A Great Big Beautiful Scoring Session will want to make you give more props to Michael Giacchino for his allegiance to the Disney brand – and showcasing that style in his award-winning soundtracks. His Tomorrowland soundtrack is nothing short of galvanizing. Following Giacchino’s first day composing the score, and sharing his adoration of the Sherman Brothers’ music, the bulk of the featurette essentially serves as a thank-you to Richard Sherman’s “There’s a Great Big Beautiful Tomorrow,” who came to one of the sessions. While it would have been more fulfilling had it centered more on the process of how Giacchino crafted the score, this bonus feature’s inclusion is worthwhile.
The World of Tomorrow Science Hour – Hosted by Futurologist David Nix is formulated as outtakes from an educational program that Walt Disney prompted Hugh Laurie’s David Nix character to host. Muffled sound and intermittent scratches punctuate the 1960s feeling here. Laurie deserves kudos for contributing to this funny spin on the script-related challenges of what the emcees behind these specials were probably experiencing. “Was that cheerful enough for you?” the character crankily drones.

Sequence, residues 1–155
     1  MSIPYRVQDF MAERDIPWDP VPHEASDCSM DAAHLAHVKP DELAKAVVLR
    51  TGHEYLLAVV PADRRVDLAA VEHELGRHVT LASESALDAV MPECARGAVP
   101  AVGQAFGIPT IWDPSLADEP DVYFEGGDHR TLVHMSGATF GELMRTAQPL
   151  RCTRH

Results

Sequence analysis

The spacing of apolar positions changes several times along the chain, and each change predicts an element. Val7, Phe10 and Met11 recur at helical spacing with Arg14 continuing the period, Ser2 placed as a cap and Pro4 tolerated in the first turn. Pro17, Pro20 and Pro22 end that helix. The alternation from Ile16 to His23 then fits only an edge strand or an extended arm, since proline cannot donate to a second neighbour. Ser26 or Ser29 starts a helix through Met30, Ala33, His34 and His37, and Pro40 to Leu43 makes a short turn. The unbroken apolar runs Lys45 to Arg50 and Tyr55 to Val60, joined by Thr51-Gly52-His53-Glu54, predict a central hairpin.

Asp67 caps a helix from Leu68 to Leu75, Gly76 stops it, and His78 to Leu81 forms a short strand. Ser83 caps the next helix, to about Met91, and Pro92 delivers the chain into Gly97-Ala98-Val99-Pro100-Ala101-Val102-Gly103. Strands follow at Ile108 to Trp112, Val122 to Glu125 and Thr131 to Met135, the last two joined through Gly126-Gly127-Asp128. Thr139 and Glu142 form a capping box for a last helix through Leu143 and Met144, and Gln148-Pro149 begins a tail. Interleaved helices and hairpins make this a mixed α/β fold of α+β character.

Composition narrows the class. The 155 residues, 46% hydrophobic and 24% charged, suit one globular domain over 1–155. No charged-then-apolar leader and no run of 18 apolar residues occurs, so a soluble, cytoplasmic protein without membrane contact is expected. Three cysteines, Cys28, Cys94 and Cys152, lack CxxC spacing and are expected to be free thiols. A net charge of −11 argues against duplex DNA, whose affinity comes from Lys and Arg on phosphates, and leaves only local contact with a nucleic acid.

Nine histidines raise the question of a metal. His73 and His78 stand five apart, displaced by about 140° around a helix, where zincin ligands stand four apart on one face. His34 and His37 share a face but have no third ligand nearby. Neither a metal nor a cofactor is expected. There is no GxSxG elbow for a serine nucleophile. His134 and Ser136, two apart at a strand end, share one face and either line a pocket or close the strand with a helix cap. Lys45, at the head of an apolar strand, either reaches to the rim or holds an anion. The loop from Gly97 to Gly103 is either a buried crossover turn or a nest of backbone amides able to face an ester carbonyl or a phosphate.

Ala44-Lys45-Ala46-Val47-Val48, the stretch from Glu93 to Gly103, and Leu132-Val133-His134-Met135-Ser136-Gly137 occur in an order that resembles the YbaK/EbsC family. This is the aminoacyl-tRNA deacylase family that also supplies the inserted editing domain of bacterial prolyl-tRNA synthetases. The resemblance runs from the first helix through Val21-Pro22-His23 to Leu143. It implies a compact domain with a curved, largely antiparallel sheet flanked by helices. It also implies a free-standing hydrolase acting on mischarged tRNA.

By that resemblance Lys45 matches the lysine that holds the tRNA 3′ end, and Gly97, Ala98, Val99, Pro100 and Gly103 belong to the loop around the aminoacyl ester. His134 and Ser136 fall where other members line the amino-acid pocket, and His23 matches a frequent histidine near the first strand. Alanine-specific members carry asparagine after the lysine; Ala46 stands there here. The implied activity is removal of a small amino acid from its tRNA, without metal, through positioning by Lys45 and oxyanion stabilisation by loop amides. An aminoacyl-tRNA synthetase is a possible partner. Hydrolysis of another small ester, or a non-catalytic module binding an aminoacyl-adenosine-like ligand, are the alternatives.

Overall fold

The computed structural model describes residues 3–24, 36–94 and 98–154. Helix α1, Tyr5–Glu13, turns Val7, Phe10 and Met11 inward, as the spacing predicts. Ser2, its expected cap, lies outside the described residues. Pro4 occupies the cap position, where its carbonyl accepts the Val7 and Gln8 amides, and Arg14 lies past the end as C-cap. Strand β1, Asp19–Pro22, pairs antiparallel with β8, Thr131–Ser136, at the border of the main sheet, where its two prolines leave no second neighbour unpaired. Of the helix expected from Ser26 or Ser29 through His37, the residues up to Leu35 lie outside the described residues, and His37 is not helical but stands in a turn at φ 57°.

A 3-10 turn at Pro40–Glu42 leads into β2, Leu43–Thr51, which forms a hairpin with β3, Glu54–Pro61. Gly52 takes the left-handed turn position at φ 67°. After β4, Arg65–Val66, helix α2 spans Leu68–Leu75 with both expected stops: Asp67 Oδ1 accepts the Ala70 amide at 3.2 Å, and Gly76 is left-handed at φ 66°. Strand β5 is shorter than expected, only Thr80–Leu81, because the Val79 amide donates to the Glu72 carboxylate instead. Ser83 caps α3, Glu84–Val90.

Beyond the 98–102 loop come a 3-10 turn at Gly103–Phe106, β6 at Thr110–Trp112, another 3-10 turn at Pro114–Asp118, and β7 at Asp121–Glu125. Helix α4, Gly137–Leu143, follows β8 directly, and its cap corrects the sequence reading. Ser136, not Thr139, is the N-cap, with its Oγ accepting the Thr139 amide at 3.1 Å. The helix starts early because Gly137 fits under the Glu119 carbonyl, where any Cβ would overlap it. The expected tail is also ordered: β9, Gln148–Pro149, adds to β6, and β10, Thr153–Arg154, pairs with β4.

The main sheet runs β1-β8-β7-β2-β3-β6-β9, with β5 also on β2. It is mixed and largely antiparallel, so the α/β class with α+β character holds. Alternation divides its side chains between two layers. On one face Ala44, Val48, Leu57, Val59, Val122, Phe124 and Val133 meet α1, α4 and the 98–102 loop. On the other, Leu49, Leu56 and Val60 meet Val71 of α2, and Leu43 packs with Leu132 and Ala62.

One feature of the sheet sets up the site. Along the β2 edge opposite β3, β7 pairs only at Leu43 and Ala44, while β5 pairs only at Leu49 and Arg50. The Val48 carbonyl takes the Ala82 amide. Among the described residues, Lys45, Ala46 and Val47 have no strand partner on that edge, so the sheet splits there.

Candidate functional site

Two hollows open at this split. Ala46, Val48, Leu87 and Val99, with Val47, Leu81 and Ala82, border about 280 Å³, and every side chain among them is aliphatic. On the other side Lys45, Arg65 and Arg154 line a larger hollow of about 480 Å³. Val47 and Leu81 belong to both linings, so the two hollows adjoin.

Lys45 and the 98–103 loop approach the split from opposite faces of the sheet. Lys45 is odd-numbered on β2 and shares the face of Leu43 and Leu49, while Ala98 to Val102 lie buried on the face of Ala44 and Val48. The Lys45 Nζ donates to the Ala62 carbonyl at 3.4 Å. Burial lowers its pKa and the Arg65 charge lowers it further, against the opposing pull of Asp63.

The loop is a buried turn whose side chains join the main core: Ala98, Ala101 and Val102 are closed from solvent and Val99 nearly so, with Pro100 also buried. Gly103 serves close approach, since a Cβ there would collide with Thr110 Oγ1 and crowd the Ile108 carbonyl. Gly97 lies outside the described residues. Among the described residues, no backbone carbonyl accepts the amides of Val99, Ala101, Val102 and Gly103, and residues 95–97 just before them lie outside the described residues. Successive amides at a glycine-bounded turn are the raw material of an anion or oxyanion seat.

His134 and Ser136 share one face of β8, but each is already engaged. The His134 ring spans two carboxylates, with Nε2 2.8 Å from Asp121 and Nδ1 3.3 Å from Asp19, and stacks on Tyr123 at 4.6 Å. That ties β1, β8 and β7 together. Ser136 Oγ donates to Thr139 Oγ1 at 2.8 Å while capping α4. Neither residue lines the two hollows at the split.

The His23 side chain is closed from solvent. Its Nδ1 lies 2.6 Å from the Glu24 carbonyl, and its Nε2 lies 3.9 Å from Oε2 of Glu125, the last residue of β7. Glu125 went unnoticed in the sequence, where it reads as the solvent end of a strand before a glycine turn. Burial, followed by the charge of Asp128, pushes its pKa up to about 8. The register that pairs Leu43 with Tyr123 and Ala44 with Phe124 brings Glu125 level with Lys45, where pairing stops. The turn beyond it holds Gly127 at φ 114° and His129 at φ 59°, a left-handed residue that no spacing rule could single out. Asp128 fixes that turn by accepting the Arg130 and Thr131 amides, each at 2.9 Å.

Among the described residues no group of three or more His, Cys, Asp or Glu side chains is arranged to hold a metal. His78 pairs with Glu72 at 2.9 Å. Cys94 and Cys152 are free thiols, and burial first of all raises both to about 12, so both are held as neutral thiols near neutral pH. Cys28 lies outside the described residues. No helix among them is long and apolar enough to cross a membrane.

Animated Short: The Origins of Plus Ultra is the elusive piece set on private on YouTube (see clip below) that debuted around the time of the film’s release. Had the short made the final cut and started off Tomorrowland, the movie’s framing would have had that necessary backstory to the Plus Ultra secret society only briefly referenced. This echoes 1960s-era Disney, albeit developed relatively recently by “Small World Animation by Pixar Animation Studio,” and gives me chills because of its acutely nostalgic overtones.
Brad Bird Production Diaries: The First Day serves as a mini time capsule, showing Bird’s interpretations of the World’s Fair-based scenes.
Brad Bird Production Diaries: NASA finds the space junkie director recording his exploration of the Cape Canaveral. This piece is disappointing, because not only does it re-use much of the same footage from the aforementioned “Remembering the Future” piece, but also it, too, was a piece shown online prior to Tomorrowland‘s theatrical release. Nothing original about this, I’m afraid.
Blast from the Past Commercial has Hahn and Key in a kooky advertisement for the fictionalized store from the movie.
A series of deleted scenes, accompanied by introductions by Bird and Lindelof, add substance to the bonus feature assortment.